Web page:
I arrived just in time as the organizers of the Peranakan parade pounding on chili to mark the opening ceremonies of the Singapore Food Festival 2009. Clarke Quay at Read Bridge was teeming with eager customers ready to try the lip-smacking food ranging from popular local delicacies to exquisite Peranakan snacks.
It took a popular TV soap opera called “The Little Nyonya” to boost the declining Peranakan culture For the first time, a Peranakan parade where more than 200 Peranakans, elaborately dressed in traditional gear, marched down to Clarke Quay.
Around 30 stalls dotted the Clarke Quay-Food street.
You can tell the most popular dishes by the queue. I took that as my gauge on what to eat for dinner. I wanted the rojak but the line was just too long.
Rojak, which means “wild mix” or “combination of ingredients” in Malay, is built on a vibrant assortment of fresh fruits and vegetables, which may include pineapple, cucumber, sweet turnip, water spinach, green apple, beansprouts, water apple, green mango, guava, slivers of lime zest, and shredded ginger bud. A generous sprinkle of finely chopped roasted peanuts is added to the mix.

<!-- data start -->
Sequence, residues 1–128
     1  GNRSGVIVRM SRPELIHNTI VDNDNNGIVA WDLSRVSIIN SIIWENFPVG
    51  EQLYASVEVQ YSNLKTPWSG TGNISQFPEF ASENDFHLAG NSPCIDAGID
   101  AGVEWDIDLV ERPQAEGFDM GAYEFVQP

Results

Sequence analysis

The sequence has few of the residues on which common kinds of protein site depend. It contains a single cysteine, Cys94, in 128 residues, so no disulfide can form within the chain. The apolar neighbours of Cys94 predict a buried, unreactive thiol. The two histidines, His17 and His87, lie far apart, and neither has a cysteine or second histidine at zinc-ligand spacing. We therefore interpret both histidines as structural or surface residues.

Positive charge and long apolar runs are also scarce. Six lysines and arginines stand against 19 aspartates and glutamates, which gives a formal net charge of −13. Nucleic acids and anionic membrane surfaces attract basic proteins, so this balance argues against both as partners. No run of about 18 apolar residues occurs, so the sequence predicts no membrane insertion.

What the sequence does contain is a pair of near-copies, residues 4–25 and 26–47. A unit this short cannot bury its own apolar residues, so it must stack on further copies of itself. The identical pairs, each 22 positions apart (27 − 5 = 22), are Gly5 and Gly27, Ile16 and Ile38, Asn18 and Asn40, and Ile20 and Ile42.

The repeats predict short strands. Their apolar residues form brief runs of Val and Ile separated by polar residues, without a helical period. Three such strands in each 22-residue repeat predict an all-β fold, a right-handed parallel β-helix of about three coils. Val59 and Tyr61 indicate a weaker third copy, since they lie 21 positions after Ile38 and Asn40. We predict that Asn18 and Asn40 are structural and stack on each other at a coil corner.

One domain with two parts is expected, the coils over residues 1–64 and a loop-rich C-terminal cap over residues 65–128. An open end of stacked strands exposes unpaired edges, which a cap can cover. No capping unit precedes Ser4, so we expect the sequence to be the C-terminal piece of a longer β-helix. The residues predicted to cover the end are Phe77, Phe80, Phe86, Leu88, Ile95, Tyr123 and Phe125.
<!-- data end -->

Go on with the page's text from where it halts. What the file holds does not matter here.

The next most popular stall was the “Thye Hong Fried Prawn Noodle” otherwise known as Hokkien Mee. The queue wasn’t too bad so I decided to stick it out here.
Placed on top of dried palm leaves, it added a unique touch to the dish.
Other favorites in the Food Street were the perennial hawker favorites like Chilli Crab & Black Pepper Crab, Chicken Rice, Satay
Much as I wanted to take more photos and sample the dishes, the Food Street was jumpacked. See for yourself.
And I met two wonderful Singapore Food Bloggers who got introduced to me by Benjamin Yee Meng, Singapore Tourism Board New Media Senior Officer. Heng Ju-Ee to my right blogs at thelittleteochew.blogspot.com where you will learn about her favorite dish, Rempah. Beside her is Catherine Ling who blogs at camemberu.com. Oh, and Heng is a Nuffnang Singapore member too!
Anyway, it’s been a long day. I will add more to this tomorrow.